ChatGPT, Stable Diffusion, Midjourney, and other tools feel more like copilots than tools such as Grammarly and Photoshop because they can accomplish much more of a task. Plus, they can sometimes (or is it often) produce outputs we could not do on our own to the same level of quality. In other cases, they produce outputs we could not even conceive of.
In the voice assistant world, Voicebot developed a model of the assistant across the table from you, the assistant beside you, and the assistant with agency. The first completed discrete tasks like Alexa, Siri, or some contact center chatbots. The third is the an agent that can represent you in the digital world for a variety of tasks without you present or requiring constant supervision. Only rudimentary examples of this exist. Think Google Duplex or Google’s message screening service on Android.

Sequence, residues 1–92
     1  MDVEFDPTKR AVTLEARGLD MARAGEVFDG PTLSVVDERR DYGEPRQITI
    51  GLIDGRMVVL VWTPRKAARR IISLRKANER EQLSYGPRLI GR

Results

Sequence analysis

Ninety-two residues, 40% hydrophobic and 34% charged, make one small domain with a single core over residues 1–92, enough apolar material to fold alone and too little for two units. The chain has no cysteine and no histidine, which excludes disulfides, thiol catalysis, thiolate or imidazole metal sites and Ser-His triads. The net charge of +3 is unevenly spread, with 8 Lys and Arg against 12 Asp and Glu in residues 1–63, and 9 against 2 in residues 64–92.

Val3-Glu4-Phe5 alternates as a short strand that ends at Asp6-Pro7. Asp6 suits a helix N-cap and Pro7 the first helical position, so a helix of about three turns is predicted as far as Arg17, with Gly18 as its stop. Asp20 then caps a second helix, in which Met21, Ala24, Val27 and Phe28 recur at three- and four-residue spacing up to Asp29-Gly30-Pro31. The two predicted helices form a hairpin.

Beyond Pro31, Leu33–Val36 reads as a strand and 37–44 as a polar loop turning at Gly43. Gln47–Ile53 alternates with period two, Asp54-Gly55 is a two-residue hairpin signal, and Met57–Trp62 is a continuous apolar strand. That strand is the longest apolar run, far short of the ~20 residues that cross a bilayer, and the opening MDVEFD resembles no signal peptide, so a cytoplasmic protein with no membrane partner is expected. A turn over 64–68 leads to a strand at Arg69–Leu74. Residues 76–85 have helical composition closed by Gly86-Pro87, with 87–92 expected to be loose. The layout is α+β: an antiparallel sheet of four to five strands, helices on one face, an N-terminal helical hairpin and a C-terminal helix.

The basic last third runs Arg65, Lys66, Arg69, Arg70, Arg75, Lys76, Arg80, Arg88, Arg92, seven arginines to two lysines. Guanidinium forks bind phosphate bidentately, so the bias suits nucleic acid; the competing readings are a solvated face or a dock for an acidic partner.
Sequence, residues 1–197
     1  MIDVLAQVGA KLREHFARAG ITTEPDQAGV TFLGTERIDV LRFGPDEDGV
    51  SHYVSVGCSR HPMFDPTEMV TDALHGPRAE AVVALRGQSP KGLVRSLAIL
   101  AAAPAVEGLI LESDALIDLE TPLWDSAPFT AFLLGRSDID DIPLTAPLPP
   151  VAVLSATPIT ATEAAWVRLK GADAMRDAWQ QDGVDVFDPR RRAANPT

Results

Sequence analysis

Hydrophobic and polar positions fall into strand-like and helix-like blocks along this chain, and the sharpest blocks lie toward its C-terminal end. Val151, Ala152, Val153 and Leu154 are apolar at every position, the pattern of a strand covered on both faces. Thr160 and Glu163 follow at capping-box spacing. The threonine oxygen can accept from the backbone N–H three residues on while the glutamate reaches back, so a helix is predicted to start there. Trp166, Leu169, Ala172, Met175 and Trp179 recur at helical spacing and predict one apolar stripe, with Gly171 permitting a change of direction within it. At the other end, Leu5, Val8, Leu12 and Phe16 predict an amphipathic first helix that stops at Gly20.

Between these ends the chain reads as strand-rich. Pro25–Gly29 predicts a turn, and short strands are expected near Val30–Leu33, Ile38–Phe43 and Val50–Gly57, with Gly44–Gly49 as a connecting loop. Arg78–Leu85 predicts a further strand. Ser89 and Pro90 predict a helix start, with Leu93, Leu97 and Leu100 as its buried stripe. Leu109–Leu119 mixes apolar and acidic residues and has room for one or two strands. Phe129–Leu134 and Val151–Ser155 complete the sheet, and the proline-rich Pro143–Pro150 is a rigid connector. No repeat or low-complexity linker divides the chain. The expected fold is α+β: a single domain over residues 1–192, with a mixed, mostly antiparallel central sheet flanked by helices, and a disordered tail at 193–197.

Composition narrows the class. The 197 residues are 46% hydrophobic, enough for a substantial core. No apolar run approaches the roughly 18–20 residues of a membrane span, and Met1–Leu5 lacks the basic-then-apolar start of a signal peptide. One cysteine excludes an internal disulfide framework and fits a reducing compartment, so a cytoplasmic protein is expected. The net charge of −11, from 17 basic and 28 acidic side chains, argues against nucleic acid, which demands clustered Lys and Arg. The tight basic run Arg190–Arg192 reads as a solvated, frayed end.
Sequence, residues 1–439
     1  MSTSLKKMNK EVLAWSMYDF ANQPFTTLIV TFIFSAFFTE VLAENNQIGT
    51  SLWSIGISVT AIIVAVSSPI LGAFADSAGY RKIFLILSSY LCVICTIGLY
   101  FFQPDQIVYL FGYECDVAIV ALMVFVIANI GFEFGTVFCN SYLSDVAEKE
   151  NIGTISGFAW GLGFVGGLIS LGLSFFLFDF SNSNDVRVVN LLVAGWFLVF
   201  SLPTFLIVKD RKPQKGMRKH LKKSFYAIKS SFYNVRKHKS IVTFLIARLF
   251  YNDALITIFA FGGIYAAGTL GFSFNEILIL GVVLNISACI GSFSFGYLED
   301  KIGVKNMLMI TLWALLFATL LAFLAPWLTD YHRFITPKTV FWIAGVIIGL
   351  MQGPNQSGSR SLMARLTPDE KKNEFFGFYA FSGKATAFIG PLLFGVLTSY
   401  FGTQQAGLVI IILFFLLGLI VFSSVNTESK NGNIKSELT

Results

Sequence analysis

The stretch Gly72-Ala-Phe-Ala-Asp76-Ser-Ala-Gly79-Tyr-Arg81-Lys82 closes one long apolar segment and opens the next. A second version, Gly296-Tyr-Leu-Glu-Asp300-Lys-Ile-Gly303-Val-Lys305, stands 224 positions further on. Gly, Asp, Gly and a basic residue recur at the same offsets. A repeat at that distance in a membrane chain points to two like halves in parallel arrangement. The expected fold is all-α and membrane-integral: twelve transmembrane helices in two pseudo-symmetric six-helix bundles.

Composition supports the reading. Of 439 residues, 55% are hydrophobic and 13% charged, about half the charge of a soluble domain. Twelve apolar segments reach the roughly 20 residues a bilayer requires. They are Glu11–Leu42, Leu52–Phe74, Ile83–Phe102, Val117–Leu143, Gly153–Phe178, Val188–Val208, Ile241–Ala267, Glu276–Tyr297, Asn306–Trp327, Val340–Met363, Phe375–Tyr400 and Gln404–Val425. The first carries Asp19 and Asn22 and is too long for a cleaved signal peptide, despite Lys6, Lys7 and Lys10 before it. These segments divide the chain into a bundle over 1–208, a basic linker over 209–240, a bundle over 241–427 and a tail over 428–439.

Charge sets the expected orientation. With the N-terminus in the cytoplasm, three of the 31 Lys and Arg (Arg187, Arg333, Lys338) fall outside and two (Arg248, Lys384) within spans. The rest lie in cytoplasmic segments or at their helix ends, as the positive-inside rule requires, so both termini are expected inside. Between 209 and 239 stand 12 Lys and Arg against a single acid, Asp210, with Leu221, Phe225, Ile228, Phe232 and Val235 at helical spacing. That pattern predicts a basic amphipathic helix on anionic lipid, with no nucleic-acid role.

The assistant beside you didn’t exist in any meaningful form because there was no co-creation. This is the realm of copilots, and it is a capability that many of us were missing even if we didn’t know it.
Generative AI Enables Both
Of course, this misses a key point. Generative AI has certainly ushered in copilots. It has also brought us more autopilots. Character AI enables you to chat with characters that run on autopilot. Nearly every contact center out there is hoping to use some form of non-hallucinating LLM to provide more customer self-service coverage so no human ever needs to speak with a customer. The AutoGPT craze is all about autopilots.